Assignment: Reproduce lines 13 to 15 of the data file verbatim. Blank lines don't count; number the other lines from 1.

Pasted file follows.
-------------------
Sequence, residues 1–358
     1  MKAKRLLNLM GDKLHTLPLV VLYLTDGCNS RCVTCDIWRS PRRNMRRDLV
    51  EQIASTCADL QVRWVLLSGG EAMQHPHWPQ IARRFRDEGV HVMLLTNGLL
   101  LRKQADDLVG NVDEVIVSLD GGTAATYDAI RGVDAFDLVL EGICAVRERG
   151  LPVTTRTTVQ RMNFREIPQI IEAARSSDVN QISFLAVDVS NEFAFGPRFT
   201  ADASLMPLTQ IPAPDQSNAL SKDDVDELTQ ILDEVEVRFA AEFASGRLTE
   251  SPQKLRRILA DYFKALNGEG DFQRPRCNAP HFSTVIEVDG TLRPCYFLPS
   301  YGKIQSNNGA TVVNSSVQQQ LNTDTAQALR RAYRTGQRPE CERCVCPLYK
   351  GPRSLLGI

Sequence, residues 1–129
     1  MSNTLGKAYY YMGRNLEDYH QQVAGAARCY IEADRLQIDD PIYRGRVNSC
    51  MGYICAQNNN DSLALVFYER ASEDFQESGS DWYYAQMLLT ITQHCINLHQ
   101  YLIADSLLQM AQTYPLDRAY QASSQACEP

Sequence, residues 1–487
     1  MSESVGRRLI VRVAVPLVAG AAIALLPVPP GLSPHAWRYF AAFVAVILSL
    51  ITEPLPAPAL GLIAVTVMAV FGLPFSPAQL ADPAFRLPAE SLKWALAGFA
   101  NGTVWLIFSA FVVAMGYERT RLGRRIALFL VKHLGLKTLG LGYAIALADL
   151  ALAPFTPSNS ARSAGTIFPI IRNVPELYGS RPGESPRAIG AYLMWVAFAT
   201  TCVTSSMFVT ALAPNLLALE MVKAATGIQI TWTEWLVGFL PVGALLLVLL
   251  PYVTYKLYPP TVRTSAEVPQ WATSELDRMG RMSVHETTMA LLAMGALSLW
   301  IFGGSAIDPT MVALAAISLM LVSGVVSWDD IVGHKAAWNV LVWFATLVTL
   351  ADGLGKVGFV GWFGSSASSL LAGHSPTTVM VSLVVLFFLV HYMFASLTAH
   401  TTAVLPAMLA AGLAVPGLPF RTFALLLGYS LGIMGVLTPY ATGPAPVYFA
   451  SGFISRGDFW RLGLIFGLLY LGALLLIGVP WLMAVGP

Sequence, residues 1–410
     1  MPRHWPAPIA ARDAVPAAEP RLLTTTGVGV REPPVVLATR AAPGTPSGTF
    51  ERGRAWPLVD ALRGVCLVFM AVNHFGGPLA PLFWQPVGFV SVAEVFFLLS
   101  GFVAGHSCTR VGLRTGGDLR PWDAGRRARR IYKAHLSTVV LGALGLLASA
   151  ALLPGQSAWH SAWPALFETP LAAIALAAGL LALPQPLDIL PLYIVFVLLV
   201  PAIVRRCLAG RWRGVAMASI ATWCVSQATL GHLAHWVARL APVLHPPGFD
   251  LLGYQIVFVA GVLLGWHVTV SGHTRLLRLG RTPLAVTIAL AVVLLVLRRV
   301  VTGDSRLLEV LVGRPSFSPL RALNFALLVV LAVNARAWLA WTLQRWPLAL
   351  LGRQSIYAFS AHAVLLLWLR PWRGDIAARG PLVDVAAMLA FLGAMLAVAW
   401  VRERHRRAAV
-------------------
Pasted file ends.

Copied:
   101  YLIADSLLQM AQTYPLDRAY QASSQACEP

Sequence, residues 1–487
     1  MSESVGRRLI VRVAVPLVAG AAIALLPVPP GLSPHAWRYF AAFVAVILSL